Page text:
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We help universities engage with the public

REF 2014

REF 2014: taking stock

In May 2014 we ran a consultation to feed into HEFCE’s informal review of the Research Excellence Framework (REF), focussing on the ways in which public engagement (PE) had featured in the different universities’ submissions.  Our report includes a number of specific recommendations, and concluded:

The impact assessment process was widely acknowledged to be a very time consuming and challenging activity, but with a number of positive outcomes:

  • The REF has formalised the need for good planning, evaluation and evidence gathering within Units of Assessment (UoAs) and Higher Education Institutions (HEIs)
  • It has encouraged a view of PE as core business not just ‘good intentions’
  • It has given PE a ‘harder edge’ in terms of its financial and strategic value to the institution
  • It has created more demand and interest from academics for help and support to develop good PE - many of whom were previously unaware or uninterested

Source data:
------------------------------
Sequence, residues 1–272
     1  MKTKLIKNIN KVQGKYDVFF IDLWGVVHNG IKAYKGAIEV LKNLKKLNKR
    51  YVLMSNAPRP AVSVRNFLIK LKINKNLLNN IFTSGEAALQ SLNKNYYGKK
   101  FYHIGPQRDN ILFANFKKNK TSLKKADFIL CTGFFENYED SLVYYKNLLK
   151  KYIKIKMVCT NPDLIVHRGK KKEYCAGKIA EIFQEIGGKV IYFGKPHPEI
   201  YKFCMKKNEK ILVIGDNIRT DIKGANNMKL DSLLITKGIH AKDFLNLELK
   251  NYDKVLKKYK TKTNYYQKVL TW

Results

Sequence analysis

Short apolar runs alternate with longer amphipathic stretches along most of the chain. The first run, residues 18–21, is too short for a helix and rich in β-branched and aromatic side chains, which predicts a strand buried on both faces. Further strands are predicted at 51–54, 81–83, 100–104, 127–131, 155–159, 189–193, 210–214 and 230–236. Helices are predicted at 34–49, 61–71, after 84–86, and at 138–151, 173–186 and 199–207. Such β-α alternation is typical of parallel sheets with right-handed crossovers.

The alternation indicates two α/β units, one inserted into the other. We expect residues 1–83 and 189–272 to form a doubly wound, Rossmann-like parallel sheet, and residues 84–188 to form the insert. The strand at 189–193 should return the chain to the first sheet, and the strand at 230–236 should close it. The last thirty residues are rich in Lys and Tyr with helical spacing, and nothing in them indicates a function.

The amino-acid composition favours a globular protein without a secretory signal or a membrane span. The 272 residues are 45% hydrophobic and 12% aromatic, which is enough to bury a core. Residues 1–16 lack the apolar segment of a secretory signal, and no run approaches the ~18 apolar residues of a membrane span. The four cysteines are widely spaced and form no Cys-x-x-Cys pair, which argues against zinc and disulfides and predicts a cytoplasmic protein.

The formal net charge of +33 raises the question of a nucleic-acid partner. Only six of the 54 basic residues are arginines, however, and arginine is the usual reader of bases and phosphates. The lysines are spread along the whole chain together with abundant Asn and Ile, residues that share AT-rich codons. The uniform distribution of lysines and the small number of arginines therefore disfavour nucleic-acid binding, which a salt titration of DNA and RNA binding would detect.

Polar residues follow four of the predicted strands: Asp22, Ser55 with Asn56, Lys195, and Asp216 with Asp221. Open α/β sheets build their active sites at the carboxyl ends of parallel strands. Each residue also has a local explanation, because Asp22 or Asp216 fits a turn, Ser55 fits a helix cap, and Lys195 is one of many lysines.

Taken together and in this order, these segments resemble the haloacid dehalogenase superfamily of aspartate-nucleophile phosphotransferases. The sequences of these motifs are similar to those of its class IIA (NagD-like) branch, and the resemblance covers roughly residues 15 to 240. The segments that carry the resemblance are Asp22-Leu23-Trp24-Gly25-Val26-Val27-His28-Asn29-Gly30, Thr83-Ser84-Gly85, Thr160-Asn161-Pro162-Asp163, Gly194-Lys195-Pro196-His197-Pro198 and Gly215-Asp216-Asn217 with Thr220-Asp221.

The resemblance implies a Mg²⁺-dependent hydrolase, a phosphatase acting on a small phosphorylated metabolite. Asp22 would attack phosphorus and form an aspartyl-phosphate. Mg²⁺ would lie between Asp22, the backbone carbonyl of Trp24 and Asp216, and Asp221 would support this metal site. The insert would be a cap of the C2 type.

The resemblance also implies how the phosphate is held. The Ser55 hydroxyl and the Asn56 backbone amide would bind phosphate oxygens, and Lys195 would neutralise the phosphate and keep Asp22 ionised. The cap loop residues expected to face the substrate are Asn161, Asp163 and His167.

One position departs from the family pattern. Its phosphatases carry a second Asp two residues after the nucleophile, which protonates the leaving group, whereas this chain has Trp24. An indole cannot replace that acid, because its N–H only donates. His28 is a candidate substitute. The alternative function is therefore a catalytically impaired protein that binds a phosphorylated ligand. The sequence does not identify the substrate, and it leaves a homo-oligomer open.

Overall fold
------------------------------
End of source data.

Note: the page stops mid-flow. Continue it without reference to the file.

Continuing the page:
• It has helped make the case for PE to be effectively resourced and supported
  • It has opened up opportunities for greater dialogue with outside partners
  • PE is now regarded as an essential part of research, although for some PE is restricted to that which leads to REF-relevant impact – rather than more broadly defined outcomes
  • It has encouraged staff actively to seek opportunities to share research findings with the wider public

It has also had some negative consequences:

  • Some partners / collaborators have been overwhelmed by the sector’s demands for evidence of impact and have felt ‘used’
  • It has encouraged an instrumental attitude from some – doing PE for ‘selfish’ reasons rather than to achieve genuine mutual benefit
  • There is a risk that all PE becomes focused on the REF / impact, meaning that other valuable forms of engagement won’t be  supported or valued
  • The friction and negativity associated with the REF has tarnished engagement in some people’s eyes
  • Some feel that valuable time which should be spent on innovation is now being spent on auditing.

On balance, the feedback suggested the positives significantly outweighed the negatives.

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